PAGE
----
E-waste

eWaste is the popular term for discarded electronic products such as computers, VCRs, cameras, cell phones, keyboards, handheld devices, and the associated peripheral devices that are frequently discarded or replaced due to upgrades or changing technology standards.

It’s to recycle E-waste for several reasons.

First, when electronics are thrown into landfills it releases toxic chemicals, carcinogens and heavy metals like lead, mercury, cadmium, chromium, chlorinated solvents, dioxins and brominated flame retardants, into the air, water and soil. When some of these toxins are burned at low temperatures they create more toxins such as halogenated dioxins and furans – some of the most toxic substances known to humankind. These toxins can cause different kinds of cancers, reproductive disorders, and many other health problems.  Most of these toxins are made up of elements which means although they change forms they will never disappear. Instead they will accumulate in the biosphere and in the food chain.

Second, recycling reduces greenhouse gas emissions, pollution, saves energy, and saves resources by extracting fewer raw materials from the earth.

To add to that problem, most companies that claim to recycle don’t do it responsibly.

According to Basel Action Network (BAN)  (http://e-stewards.org/the-e-waste-crisis/) An estimated 70-80% of the e-waste that’s given to recyclers is exported to less developed countries. Once there, primitive technologies such as open air burning and riverside acid baths are used to extract a few materials. The rest of the toxic materials are usually dumped. Unlike other countries in the world, the U.S. sends a significant portion of its hazardous e-waste to U.S. prisons to process in less-regulated environments without the worker protections and rights afforded in the private sector. Moreover, such operations amount to government subsidies, undermining the development of responsible private-sector recycling infra-structure and distorting the economics of recycling.

The Solution?

Find a responsible recycler that has been certified by e-stewards http://e-stewards.org/find-a-recycler/

I got the following statistics from www.dosomething.org

1. The nation now dumps between 300 million and 400 million electronic items per year, and less than 20% of that e-waste is recycled.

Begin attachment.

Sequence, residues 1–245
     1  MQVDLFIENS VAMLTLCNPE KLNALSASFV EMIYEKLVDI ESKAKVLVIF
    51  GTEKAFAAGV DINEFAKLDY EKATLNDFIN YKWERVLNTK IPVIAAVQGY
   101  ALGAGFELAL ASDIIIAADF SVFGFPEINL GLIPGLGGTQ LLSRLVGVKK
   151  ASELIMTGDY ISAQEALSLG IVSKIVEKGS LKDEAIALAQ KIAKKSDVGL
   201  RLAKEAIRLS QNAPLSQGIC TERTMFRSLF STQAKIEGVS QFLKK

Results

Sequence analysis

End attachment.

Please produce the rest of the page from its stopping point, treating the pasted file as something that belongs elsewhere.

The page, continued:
2. E-waste represents 2% of America’s trash in landfills, but it equals 70% of overall toxic waste. The extreme amount of lead in electronics alone causes damage in the central and peripheral nervous systems, the blood and the kidneys.

3. Because computer processing power doubles roughly every two years, many old computers are being abandoned. Only 15% recycle their computers, which means the other 85% end up in landfills.

4. It’s energy efficient to rebuild old computers, but only about 2% of PCs ever find their way to a second user.

5. About 50 millions cell phones are replaced worldwide a month, and only 10% are recycled. If we recycled just a million cell phones, it would reduce greenhouse gas emissions equal to taking 1,368 cars off the road for a year.

6. Flat panel computer monitors and notebooks often contain small amounts of mercury in the bulbs used to light them.

7. Cathode ray tubes in older TVs and computers typically contain about 4 lbs of lead and sometimes as much as 7 lbs.

8. The European Union banned e-waste from landfills in the 1990s, and current laws hold manufacturers responsible for e-waste disposal.

9. Large amounts of e-waste have been sent to countries such as China, India and Kenya, where lower environmental standards and working conditions make processing e-waste more profitable. Around 80 % of the e-waste in the U.S. is exported to Asia.

10.             E-waste legislation in the United States is currently stalled at the state level. Just 24 states have passed or proposed take-back laws. However, as of January 1, 2011, covered electronics are completely banned in West Virginia.

11.             Electronic items that are considered to be hazardous include, but are not limited to:

  • Televisions and computer monitors that contain cathode ray tubes
  • LCD desktop monitors
  • Laptop computers with LCD displays
  • LCD televisions
  • Plasma televisions
  • Portable DVD players with LCD screens.
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